3.3. FuncProg Pure Functions

3.3.1. Rationale

  • Pure functions have no side effects (i.e. memory, state, I/O)

  • Calling the pure function again with the same arguments returns the same result (this can enable caching optimizations such as memoization)

  • If the result of a pure expression is not used, it can be removed without affecting other expressions

  • If there is no data dependency between two pure expressions, their order can be reversed, or they can be performed in parallel and they cannot interfere with one another (the evaluation of any pure expression is thread-safe) 1

3.3.2. Pure Function

>>> def add(a, b):
...     return a + b
>>>
>>>
>>> add(1, 2)
3
>>> add(1, 2)
3
>>> add(1, 2)
3

3.3.3. Impure Function

>>> c = 3
>>>
>>>
>>> def add(a, b):
...     return a + b + c
>>>
>>>
>>> add(1, 2)
6
>>> add(1, 2)
6
>>> add(1, 2)
6
>>>
>>> c = 4
>>>
>>> add(1, 2)
7
>>> add(1, 2)
7
>>> add(1, 2)
7

3.3.4. Impure to Pure Function

>>> c = 3
>>>
>>>
>>> def add(a, b, c):
...     return a + b + c
>>>
>>>
>>> add(1, 2, c)
6
>>> add(1, 2, c)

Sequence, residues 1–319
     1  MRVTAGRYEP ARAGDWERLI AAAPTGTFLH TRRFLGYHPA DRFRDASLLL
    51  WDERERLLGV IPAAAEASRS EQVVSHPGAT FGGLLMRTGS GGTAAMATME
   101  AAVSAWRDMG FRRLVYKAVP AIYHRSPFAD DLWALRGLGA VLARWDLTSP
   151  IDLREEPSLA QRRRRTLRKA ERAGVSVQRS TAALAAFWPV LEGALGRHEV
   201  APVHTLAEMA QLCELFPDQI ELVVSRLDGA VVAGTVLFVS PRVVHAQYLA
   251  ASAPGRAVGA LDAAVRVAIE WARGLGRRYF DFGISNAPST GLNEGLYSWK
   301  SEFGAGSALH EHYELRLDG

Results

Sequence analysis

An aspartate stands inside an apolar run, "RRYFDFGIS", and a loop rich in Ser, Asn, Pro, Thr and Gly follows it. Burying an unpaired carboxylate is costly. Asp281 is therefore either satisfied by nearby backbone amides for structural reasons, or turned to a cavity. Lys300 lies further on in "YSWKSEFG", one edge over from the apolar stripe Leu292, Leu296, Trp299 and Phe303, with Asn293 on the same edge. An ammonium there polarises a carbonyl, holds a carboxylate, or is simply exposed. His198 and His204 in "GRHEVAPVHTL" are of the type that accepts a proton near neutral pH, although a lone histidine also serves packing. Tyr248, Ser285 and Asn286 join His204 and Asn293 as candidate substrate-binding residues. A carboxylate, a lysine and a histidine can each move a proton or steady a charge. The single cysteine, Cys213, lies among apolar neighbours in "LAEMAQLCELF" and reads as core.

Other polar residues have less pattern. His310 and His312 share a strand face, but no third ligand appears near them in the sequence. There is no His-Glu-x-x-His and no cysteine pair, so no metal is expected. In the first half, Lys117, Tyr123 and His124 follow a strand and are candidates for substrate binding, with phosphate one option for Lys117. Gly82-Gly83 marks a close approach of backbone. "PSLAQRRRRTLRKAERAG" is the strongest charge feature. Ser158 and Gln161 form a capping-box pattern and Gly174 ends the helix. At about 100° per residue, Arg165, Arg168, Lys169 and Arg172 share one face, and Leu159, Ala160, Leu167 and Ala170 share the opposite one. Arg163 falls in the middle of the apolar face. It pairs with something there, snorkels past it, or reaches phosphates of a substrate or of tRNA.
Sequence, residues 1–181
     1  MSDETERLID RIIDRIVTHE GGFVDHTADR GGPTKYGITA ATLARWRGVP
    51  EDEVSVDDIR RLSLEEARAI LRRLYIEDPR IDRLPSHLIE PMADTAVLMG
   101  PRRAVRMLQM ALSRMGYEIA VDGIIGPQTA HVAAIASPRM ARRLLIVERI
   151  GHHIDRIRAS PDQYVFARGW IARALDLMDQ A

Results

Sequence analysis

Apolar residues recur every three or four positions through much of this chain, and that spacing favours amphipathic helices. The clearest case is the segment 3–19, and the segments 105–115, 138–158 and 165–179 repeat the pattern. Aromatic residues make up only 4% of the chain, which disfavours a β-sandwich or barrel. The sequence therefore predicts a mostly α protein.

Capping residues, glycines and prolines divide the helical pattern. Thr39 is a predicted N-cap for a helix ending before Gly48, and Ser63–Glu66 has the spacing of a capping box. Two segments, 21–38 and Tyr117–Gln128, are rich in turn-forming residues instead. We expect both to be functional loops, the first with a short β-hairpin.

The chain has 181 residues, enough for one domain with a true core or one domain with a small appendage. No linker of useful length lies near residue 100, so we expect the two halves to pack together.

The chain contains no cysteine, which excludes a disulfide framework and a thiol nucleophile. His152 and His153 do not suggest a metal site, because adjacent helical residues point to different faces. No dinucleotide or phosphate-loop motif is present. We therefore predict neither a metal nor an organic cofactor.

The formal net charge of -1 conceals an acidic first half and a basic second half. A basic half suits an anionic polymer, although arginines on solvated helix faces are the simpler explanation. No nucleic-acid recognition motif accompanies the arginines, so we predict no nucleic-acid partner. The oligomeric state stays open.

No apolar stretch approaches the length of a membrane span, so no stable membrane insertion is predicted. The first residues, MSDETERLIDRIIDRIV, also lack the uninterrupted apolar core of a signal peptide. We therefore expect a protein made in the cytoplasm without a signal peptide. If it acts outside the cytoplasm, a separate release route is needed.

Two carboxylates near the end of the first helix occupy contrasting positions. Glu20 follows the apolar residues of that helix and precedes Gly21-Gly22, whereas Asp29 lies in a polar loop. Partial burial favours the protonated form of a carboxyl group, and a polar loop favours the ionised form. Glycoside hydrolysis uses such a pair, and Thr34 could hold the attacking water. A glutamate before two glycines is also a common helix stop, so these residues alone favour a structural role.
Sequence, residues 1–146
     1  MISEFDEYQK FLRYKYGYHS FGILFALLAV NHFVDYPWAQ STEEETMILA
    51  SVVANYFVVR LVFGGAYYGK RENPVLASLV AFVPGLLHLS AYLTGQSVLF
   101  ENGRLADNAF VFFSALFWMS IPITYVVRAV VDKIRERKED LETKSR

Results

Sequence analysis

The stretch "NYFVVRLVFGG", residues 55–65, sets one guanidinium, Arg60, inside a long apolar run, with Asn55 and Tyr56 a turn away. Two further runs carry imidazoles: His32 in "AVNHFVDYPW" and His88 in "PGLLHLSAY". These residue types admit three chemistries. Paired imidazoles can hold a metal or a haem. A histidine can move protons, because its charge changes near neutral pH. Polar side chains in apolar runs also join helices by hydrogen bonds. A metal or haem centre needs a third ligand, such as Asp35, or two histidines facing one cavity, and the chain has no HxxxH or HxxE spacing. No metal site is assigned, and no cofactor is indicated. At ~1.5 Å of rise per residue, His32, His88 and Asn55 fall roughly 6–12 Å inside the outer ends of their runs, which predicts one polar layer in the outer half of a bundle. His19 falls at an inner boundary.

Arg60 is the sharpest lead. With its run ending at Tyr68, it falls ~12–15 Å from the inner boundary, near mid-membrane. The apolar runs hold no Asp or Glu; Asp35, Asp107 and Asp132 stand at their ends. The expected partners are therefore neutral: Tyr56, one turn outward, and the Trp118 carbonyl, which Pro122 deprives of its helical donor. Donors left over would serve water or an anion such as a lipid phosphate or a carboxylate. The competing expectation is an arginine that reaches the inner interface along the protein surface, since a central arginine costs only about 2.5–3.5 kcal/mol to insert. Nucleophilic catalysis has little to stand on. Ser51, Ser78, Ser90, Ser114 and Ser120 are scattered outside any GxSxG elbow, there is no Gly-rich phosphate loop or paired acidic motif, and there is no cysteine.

6
>>> add(1, 2, c)
6
>>>
>>> c = 4
>>>
>>> add(1, 2, c)
7
>>> add(1, 2, c)
7
>>> add(1, 2, c)
7

3.3.5. Use Case 1

Mathematical functions are pure in general

>>> def add(a, b):
...     return a + b
>>> def odd(x):
...     return x % 2
>>> def cube(x):
...     return x ** 3

3.3.6. Use Case 2

Pure:

>>> DATA = [(5.8, 2.7, 5.1, 1.9, 'virginica'),
...         (5.1, 3.5, 1.4, 0.2, 'setosa'),
...         (5.7, 2.8, 4.1, 1.3, 'versicolor'),
...         (6.3, 2.9, 5.6, 1.8, 'virginica'),
...         (6.4, 3.2, 4.5, 1.5, 'versicolor'),
...         (4.7, 3.2, 1.3, 0.2, 'setosa')]
>>>
>>>
>>> def function(data, species):
...     result = []
...     for *features, label in data:
...         if label == species:
...             result.append(features)
...     return result

Impure:

>>> DATA = [(5.8, 2.7, 5.1, 1.9, 'virginica'),
...         (5.1, 3.5, 1.4, 0.2, 'setosa'),
...         (5.7, 2.8, 4.1, 1.3, 'versicolor'),
...         (6.3, 2.9, 5.6, 1.8, 'virginica'),
...         (6.4, 3.2, 4.5, 1.5, 'versicolor'),
...         (4.7, 3.2, 1.3, 0.2, 'setosa')]
>>>
>>>
>>> def function(species):
...     result = []
...     for *features, label in DATA:
...         if label == species:
...             result.append(features)
...     return result

3.3.7. References

1

Functional programming. Retrieved: 2020-10-09. URL: https://en.wikipedia.org/wiki/Functional_programming